NEW YORK (AP) — Shua Wilmot and Raegan Zelaya, two former dorm directors at a small Christian university in western New York, acknowledge their names are unconventional, which explains why they attached gender identities to their work email signatures.Wilmot uses “he/him.” Zelaya goes by “she/her.”
Their former employer, Houghton University, wanted them to drop the identifiers in line with a new policy for email formats implemented in September. Both refused and were fired.
“My name is Shua. It’s an unusual name. And it ends with a vowel, ‘a,’ that is traditionally feminine in many languages,” Wilmot said in a nearly one-hour video he and Zelaya posted on YouTube shortly after they were let go last month. “If you get an email from me and you don’t know who I am, you might not know how to gender me.”
Ongoing culture wars in the U.S. over sexual preferences, gender IDs and transgender rights have engulfed politics, school campuses and many other facets of public and private life. At least 17 Republican-led states have severely restricted gender affirming care. Debates continue to rage in some communities about school curricula mentioning sexual orientation or gender identity. And pickets have sprung up outside public libraries hosting “drag story hours.”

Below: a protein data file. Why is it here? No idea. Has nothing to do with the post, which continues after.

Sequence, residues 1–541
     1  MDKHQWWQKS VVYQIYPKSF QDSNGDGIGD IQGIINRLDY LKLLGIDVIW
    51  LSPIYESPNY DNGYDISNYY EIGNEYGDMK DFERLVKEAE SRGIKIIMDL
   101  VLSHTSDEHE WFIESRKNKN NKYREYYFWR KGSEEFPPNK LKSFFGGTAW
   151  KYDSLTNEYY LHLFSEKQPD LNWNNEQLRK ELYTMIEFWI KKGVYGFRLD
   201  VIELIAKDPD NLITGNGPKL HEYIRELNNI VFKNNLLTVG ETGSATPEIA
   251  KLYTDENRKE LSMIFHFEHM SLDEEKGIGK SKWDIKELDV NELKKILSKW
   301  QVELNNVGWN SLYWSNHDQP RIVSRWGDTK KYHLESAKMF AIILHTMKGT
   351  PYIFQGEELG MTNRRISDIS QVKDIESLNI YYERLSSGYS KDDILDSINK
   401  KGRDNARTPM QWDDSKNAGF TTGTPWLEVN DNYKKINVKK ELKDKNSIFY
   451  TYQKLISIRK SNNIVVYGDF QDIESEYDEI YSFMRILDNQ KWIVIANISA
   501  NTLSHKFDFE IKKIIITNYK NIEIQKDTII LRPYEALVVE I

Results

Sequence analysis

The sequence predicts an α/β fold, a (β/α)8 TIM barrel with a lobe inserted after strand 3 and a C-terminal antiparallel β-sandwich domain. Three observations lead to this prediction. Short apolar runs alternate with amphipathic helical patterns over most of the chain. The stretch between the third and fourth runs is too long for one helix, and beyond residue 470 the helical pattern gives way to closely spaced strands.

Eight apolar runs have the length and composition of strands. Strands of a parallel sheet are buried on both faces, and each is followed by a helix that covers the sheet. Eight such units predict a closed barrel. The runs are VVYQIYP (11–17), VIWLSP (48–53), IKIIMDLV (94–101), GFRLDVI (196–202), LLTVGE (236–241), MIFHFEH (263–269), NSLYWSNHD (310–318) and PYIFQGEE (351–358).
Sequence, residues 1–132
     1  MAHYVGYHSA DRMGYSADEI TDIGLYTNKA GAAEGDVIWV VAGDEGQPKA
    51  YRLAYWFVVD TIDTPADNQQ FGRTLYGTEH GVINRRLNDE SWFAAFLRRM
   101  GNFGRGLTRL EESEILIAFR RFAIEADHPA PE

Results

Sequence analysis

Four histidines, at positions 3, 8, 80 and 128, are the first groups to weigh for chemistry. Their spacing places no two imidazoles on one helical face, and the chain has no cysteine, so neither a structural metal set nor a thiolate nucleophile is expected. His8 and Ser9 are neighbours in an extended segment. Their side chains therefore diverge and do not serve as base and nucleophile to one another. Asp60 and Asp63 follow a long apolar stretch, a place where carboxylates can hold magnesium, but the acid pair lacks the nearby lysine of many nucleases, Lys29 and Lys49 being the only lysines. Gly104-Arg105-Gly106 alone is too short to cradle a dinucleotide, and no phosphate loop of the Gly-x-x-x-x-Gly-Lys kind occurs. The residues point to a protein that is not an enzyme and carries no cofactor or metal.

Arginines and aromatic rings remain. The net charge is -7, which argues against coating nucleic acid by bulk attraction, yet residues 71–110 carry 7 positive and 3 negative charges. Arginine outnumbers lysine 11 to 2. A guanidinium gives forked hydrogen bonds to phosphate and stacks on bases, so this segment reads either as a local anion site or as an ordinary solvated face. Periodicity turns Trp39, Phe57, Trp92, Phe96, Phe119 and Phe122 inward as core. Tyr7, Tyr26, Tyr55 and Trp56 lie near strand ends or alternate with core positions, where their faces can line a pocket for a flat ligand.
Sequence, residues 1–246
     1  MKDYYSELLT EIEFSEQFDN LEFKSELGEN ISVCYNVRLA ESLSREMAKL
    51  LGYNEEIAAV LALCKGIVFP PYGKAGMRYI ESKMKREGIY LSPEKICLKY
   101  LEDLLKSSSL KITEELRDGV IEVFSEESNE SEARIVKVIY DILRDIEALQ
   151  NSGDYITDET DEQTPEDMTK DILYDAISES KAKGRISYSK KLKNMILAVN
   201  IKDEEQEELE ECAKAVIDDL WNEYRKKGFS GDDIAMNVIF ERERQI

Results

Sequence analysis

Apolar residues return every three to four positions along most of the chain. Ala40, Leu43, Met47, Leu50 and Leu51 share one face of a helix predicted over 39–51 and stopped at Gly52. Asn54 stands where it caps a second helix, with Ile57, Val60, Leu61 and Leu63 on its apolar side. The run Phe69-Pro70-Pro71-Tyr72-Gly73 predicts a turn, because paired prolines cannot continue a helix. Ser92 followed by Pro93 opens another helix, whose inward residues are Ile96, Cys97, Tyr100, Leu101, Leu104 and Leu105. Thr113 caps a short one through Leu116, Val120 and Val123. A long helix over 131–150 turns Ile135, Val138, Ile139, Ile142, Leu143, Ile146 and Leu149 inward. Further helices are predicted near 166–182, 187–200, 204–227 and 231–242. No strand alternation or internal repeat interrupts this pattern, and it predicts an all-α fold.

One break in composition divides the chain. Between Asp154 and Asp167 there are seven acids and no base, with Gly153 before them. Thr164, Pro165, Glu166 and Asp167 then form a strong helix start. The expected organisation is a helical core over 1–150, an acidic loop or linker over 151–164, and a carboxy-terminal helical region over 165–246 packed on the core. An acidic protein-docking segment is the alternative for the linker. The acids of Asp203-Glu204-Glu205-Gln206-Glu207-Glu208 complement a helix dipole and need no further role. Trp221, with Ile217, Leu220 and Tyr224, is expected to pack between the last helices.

Meanwhile, controversies swirl at campuses with religious affiliations. The recent firings prompted more than 700 Houghton alumni to sign a petition in protest.
In the Northwest, 16 plaintiffs are suing Seattle Pacific University, a Christian …
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